Robbie and I visited the Brevard Zoo in Melbourne, Florida for my birthday. The Brevard Zoo has an awesome giraffe exhibit. The giraffes are free roaming in a large open field. On the edge of the field there is a large platform for humans. From the platform you can get eye to eye with the giraffes. You can buy some lettuce to feed the giraffes. If you are lucky one will come and eat the lettuce out of your hand. Giraffes have the strangest tongues. They are very long and it feels very weird to be licked by a giraffe. I was able to feed my new best buddy Greg the giraffe. He was very handsome and enjoyed posing for the camera. We had a great time with the giraffes at the Brevard Zoo.
We had a great day at the Brevard Zoo. When we go to the zoo, we like to visit the bird aviaries. They have two, one for lorikeets and one for cockatiels. You can just walk in with the birds or you can buy them a treat. We like to get some treats and feed them. They know you have a treat and you have several buddies as soon as you walk in the aviary. We actually have two cockatiels a budgie and an African grey parrot at home. We still like to visit with the other birds though.
My wife Robbie and I had an awesome day at the Brevard Zoo in Melbourne, Florida for my birthday! The Brevard Zoo is a great little zoo. You can take a walk through Africa, Australia, wild Florida or the rainforest. There are lots of really cool animals from each region. The zoo is involved with lots of great community conservation efforts like, collecting oyster shells from area restaurants to make oyster mats. The mats are placed in the Indian River to bread oysters to help clean up the river. They help with the endangered Florida scrub-jays. The zoo also has a sea turtle healing center. There are many other conservation programs that the zoo is involved in. We didn’t do it this time, but the zoo has a really cool Treetop Trek. There are zip-lines and treetop trails. We had a really fun day at the zoo!
After a really nice lunch at La Bodeguita del Medio, we continued on a walking tour of Old Havana. There was some repetition of our tour from yesterday, but it was mostly things we didn’t mind seeing again anyway. Also this tour took a different route and we saw lots of different things along the way, as well as getting a different perspective. For instance, we got off of the bus near Plaza de Armas and walked through Plaza de la Catedral on the way to and from the Bodeguita.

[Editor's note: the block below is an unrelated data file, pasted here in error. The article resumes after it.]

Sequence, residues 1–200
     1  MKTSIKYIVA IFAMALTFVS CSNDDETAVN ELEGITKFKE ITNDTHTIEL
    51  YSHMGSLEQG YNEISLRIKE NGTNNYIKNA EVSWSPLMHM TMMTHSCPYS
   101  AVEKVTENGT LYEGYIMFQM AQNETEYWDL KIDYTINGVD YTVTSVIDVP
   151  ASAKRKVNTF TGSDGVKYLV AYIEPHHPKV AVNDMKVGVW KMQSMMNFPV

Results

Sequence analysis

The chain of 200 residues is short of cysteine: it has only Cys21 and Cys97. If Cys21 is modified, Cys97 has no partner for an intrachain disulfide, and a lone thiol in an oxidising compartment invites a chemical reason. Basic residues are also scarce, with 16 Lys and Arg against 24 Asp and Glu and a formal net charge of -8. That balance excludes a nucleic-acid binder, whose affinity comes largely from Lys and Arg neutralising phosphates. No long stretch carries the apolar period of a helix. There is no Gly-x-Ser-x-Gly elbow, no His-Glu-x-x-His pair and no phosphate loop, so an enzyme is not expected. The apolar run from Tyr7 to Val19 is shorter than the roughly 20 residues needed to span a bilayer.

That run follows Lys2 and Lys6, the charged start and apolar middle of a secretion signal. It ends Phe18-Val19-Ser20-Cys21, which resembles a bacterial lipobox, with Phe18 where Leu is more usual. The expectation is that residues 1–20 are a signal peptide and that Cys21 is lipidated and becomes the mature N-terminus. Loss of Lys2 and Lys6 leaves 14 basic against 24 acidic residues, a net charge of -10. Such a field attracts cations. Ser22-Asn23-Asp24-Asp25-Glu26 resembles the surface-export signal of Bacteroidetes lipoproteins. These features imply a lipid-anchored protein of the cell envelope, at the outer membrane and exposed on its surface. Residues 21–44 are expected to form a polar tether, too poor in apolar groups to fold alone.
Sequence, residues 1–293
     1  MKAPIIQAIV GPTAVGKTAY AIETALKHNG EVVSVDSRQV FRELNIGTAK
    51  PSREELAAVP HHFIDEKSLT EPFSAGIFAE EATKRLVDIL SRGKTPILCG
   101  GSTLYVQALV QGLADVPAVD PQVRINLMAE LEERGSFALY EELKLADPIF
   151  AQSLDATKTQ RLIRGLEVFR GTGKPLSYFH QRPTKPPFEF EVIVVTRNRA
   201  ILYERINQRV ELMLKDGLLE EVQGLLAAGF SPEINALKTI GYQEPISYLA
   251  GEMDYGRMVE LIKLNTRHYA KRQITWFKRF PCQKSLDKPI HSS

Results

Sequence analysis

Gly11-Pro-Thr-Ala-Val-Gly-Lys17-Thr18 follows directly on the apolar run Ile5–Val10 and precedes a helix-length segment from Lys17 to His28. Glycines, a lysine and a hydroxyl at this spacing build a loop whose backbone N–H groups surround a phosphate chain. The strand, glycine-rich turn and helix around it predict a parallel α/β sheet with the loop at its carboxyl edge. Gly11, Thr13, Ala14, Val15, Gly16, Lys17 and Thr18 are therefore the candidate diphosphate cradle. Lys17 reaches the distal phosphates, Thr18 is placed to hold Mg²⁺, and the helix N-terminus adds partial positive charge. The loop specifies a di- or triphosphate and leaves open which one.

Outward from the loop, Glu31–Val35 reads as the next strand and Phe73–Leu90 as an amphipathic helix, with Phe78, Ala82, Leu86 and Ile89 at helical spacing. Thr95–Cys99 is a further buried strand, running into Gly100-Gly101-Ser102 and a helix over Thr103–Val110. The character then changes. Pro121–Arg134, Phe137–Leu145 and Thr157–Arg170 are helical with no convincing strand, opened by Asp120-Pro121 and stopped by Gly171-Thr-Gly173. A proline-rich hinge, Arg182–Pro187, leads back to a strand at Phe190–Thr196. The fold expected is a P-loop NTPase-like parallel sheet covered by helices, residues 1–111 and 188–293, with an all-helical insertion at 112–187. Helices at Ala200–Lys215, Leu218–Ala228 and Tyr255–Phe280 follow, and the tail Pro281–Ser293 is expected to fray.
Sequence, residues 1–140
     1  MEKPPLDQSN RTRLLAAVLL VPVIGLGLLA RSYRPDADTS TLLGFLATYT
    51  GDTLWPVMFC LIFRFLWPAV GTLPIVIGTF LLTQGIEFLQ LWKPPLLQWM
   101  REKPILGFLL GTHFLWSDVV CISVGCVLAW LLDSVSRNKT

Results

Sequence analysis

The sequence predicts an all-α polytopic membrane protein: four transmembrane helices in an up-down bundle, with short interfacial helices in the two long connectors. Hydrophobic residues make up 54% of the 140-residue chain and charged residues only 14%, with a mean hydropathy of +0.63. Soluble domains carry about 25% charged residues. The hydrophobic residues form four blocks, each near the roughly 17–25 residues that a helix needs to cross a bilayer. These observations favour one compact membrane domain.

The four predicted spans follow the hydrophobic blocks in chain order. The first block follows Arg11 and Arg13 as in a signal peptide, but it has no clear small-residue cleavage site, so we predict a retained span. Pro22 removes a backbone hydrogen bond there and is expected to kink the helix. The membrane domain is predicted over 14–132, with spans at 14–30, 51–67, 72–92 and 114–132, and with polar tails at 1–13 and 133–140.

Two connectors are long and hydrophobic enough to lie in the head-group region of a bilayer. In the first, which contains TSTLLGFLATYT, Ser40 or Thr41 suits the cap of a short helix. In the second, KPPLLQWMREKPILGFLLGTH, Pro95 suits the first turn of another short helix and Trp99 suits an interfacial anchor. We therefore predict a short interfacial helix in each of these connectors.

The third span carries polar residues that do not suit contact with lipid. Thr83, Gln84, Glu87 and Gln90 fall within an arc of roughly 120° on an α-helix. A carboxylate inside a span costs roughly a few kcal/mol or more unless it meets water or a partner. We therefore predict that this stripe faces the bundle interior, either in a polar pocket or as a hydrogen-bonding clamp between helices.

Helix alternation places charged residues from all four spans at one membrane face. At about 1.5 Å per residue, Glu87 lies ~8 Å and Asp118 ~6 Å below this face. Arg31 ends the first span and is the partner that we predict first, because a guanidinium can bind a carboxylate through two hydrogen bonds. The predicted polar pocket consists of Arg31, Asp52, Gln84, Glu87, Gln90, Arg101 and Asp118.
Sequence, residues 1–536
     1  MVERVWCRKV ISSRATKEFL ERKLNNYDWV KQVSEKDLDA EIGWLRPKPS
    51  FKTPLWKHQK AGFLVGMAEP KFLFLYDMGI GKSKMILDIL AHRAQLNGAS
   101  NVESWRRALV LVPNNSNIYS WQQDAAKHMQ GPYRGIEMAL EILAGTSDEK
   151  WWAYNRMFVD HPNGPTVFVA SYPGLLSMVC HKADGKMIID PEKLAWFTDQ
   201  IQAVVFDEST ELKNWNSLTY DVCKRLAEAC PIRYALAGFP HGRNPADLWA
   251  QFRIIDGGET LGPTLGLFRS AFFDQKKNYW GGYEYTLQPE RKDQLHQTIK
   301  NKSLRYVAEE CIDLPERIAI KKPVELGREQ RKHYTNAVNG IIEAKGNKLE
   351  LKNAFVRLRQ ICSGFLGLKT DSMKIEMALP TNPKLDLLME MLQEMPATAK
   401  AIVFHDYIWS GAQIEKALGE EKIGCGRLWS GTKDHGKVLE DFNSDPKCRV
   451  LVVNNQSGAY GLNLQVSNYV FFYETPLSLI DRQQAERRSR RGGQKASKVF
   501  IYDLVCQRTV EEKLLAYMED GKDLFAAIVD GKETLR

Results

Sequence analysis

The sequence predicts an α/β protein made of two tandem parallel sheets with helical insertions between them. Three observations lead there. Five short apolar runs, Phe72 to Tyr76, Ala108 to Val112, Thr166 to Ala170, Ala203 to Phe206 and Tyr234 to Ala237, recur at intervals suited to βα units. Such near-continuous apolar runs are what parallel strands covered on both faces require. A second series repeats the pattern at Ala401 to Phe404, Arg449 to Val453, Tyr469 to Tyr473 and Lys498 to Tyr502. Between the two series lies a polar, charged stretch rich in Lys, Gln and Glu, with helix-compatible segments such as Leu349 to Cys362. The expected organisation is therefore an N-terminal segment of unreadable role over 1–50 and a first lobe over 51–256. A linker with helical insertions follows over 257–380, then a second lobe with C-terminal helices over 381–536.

One of the things we saw along the way was La Bodega de Barrio, a local ration store. Basic staples like rice, sugar, salt, soap and many other necessities have been rationed in Cuba since the 1960s. In order to understand rationing you need to know a little about Cuban currency. There are two types of currency in Cuba. The Cuban convertible peso or CUC and the Cuban peso or CUP. Cuban state workers are paid mostly in Cuban pesos or CUPs, they also receive a few Cuban convertible pesos or CUCs. At the risk of oversimplifying, if Cubans are paid by the government or spend money at a government business, Cubans use CUPs. If Cubans are paid or spend money at a non government business, Cubans use CUCs. You can probably guess which one is worth more. When people from other countries visit Cuba, they exchange their currency for CUCs. Visitors are only allowed to use CUCs. When you exchange U.S. dollars for CUCs there is an added surcharge of 10%, lucky us. Some people like to get Euros and exchange the Euro for CUCs without the surcharge. Getting Euros before your trip also has a cost, I figured it was close to a wash and we didn’t need that much anyway, so we just exchanged U.S. for CUCs and paid the extra 10%.